Why Freelancers Should Embrace Dwolla

Payment processing is something of a pet peeve for me. Getting paid through a site like PayPal is very convenient, but I have to give up 2.9 percent of my income (plus an added 30 cent fee) on every transaction. Consider what that means I’m paying:

Income Payment to PayPal
$100 $3.12
$1,000 $29.30
$10,000 $290.30

That amount doesn’t seem like all that much, but it only ever goes up even as the expense of having a bank account remains the same. I don’t feel like I get all that much for my money, especially since PayPal doesn’t always protect service providers from scams.

The real reason I still use PayPal at all is because all of my clients are familiar with the company. They mostly have accounts already and don’t have to think about the process of making a payment. I generally ask clients to pay with a check over sending a PayPal payment, though, or use Stripe’s integrations with invoicing tools to pay with a credit card.

In an ideal world where clients are willing to try new things, though, I would ask everyone to use Dwolla. Dwolla costs 25 cents per transaction (look at that adorable flat rate!) and has real humans in charge of customer service. Unlike both PayPal and banks (including my nice, local credit union), I’ve heard almost no stories of problems and even those seem to be either resolved to the customer’s satisfaction or be the results of misunderstandings. The main exception seems to involve using Dwolla to purchase Bitcoin, so I’m not too worried. About 35,000 businesses were using Dwolla as of June, along with several state governmental agencies.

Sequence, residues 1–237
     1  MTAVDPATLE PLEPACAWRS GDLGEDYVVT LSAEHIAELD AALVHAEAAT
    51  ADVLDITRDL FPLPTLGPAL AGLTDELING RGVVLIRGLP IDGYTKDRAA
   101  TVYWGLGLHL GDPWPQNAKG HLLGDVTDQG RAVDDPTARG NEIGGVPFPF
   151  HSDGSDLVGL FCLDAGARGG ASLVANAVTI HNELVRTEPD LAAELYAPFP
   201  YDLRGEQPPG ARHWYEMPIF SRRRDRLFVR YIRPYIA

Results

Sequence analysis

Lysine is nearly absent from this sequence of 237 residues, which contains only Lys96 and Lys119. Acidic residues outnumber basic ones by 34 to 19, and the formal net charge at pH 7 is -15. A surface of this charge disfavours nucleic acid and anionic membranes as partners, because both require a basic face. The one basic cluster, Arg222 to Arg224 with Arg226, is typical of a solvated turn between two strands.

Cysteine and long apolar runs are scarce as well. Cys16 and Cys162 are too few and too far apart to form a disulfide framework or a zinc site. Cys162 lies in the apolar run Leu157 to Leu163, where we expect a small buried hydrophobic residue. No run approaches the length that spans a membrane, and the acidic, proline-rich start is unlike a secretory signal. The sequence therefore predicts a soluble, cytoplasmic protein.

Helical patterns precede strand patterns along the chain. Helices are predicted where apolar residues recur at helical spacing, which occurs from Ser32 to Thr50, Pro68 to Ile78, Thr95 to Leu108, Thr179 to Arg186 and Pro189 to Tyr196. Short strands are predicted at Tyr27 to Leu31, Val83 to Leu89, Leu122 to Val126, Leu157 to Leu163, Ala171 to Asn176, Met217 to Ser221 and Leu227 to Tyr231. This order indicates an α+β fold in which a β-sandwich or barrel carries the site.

Now I just need to convince some clients…

Tax Write Offs: Paypal Fees

It seems like every client these days wants to pay me via Paypal, which, unfortunately, takes a nasty little bite out every payment. While a dollar here and 75 cents there doesn’t seem like much, it adds up pretty quickly. The thought of just plain not getting my full rate just peeves me. But there is a bit of a solution. It doesn’t put the cash back in my wallet, but it does mean that, down the road, I’ll have a bit more.

Because these Paypal fees are a necessary cost of doing business, I can write them off on my taxes. All I have to do is add up the total I spent on fees and put it on my itemized deduction.

It’s like finding a handful of spare change in the couch cushions — you thought that you’d lost the money, but after just a minute of digging, you get it back.

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